At least the girl’s presence seems to be the catalyst for change and one night, the gates don’t close, meaning the big bad nasties get to tear loose through the camp, which is the final straw for Thomas and crew to find their way out of the maze once and for all. Suffice it to say, they do in a somewhat improbable way, but okay. The explanation they’re given when they reach the control center presumably set up to monitor the glade and manipulate the goings-on, is that the sun has scorched the earth and people are dying. With the future of humanity in jeopardy, the best solution the government could come up with was to stick a bunch of boys together in a glade and conduct increasingly brutal psychological experiments on them, hoping these kids would somehow prove themselves strong enough to survive, thereby proving there was hope for humanity. What the what? So, we’re running low on people and our solution is to systematically maim and murder our future generation because if kids can’t defend themselves against giant robot scorpions with a zombie sting, you’re right, the world is totally screwed. I just couldn’t even at this point, but wait… presumably government agents swoop in at exactly the right time to save these kids from the institution – now defunct considering all the people controlling the glade are dead, thanks to those same goons now swooping in to rescue the kids. Confused yet? I was! How about those government dudes go save the kids still trapped in the glade considering they have flipping HELICOPTERS and could easily have landed AT ANY TIME within the glade to airlift these kids to safety. Also, what’s with the morbid fascination with watching kids die or killing each other in gruesome ways (I’m looking at you Hunger Games).
But the real kicker comes at the very end as Thomas and crew – minus a few members, because of course we needed Thomas to shed a few tears to prove he’s human despite his apparent dissociation from everything that’s happening to him – fly off in the chopper to apparent safety. The film ends with a scene showing the maze mastermind – who we saw murdered a few moments ago – hale and hearty and planning to move the escapees onto the second phase of the trials. Trials for what? Given the amount of sand, I’m guessing the sun did cook the Earth, or perhaps we’re in the Sahara? But if all that was true about the sun and the imminent demise of humanity, why is the government killing children!?!?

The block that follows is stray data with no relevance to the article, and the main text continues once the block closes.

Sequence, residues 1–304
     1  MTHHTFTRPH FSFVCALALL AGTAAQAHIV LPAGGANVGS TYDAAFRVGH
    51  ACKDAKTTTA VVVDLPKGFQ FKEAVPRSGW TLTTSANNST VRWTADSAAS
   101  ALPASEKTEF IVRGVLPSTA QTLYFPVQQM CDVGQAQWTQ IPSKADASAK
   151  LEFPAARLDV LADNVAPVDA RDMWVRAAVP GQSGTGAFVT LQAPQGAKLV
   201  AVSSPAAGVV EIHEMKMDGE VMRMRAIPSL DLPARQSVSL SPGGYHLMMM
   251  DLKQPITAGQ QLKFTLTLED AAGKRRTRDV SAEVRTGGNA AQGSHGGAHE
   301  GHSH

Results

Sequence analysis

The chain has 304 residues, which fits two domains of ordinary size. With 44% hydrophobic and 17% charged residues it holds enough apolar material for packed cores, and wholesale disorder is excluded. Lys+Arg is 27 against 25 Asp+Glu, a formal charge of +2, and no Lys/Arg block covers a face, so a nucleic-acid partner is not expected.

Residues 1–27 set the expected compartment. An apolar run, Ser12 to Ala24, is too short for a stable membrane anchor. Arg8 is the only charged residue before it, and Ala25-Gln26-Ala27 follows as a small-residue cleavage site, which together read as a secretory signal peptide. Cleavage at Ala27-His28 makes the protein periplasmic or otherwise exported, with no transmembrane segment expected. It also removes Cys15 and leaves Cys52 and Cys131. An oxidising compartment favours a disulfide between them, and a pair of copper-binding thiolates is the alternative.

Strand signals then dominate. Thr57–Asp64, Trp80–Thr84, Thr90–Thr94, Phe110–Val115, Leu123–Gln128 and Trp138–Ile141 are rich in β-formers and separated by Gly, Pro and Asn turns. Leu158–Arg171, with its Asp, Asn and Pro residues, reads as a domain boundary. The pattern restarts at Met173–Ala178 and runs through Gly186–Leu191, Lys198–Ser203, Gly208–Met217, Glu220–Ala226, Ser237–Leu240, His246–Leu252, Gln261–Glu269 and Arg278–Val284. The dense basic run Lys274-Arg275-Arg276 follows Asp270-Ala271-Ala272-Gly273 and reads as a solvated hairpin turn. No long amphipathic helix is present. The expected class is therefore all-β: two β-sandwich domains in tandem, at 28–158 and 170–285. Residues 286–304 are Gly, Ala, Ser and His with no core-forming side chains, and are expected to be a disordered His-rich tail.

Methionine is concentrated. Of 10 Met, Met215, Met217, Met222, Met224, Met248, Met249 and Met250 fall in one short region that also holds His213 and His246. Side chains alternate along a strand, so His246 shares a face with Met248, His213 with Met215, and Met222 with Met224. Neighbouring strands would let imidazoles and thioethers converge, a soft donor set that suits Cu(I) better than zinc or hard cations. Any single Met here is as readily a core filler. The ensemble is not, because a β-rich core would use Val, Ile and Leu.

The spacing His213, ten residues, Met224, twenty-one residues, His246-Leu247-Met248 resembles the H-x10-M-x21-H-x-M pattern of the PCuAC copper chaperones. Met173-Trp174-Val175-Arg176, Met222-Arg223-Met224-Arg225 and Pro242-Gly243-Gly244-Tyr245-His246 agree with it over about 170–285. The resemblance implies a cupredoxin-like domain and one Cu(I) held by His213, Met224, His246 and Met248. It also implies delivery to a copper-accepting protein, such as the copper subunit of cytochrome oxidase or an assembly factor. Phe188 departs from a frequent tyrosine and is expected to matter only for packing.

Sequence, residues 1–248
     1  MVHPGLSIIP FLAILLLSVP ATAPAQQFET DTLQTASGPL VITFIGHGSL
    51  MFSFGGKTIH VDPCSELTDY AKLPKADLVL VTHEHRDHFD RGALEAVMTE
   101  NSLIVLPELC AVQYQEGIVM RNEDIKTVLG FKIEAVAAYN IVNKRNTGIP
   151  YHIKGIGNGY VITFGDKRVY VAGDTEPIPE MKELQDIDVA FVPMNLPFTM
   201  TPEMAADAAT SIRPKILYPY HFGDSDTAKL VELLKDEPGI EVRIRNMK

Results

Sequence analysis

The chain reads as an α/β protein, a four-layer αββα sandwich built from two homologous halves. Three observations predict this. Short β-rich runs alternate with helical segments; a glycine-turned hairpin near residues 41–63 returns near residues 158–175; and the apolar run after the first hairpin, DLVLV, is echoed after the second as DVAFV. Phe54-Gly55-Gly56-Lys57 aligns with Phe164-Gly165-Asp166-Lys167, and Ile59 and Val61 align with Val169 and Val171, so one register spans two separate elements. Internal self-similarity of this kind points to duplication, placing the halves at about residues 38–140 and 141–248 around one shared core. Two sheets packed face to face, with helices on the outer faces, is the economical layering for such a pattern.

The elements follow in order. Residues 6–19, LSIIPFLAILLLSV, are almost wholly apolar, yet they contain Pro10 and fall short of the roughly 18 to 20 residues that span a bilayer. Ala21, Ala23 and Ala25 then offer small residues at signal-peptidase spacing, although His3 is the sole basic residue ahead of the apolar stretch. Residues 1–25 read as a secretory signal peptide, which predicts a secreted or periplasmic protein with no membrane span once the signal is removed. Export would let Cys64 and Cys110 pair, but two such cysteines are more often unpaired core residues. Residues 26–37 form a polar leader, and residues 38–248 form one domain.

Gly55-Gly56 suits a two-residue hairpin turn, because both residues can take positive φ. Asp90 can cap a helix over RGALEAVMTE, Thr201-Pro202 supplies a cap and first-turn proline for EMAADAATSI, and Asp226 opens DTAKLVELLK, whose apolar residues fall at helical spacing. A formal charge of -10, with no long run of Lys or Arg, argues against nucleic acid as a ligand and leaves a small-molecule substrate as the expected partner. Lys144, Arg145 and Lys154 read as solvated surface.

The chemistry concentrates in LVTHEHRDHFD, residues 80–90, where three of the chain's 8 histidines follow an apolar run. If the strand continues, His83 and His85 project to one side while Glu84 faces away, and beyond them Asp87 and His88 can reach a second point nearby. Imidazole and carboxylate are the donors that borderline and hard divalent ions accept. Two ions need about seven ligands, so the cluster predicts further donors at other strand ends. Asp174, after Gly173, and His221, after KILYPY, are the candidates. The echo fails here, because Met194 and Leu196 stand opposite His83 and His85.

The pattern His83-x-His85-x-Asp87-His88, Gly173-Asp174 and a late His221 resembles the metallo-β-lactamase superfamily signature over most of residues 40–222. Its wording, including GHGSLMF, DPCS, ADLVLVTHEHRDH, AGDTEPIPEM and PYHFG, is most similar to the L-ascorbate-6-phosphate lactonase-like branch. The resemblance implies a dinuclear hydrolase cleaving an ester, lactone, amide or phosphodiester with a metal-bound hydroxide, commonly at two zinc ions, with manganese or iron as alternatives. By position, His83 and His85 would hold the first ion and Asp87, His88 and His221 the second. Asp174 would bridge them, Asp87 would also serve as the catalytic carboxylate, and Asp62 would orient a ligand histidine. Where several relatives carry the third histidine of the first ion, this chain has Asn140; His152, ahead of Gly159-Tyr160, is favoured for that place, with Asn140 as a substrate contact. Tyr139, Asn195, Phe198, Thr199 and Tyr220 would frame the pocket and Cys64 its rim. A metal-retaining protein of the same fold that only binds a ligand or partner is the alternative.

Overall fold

This film was incredibly well done – the CGI was fantastic and the cinematography wonderful. It was visually appealing and the soundtrack was great too. The acting wasn’t bad, even if the actor playing Thomas wasn’t terribly exciting. He might’ve doing a great job of recreating the character from the book, but he came across as almost apathetic in the film. What failed most miserably for me was the premise, so basically the entire story. A few weeks after watching this movie, I’m still trying to figure out the why of it all, and without that I don’t know if I should care. Also, where were the rest of the girls? What was the point of having an all boy group, other than to make the story a ‘boy’ story? I just don’t get it. Maybe I missed something. Maybe the movie failed utterly to adapt a brilliant book, but judging the film as it stands, I’m really not impressed. 1.5/5 ink splats from me.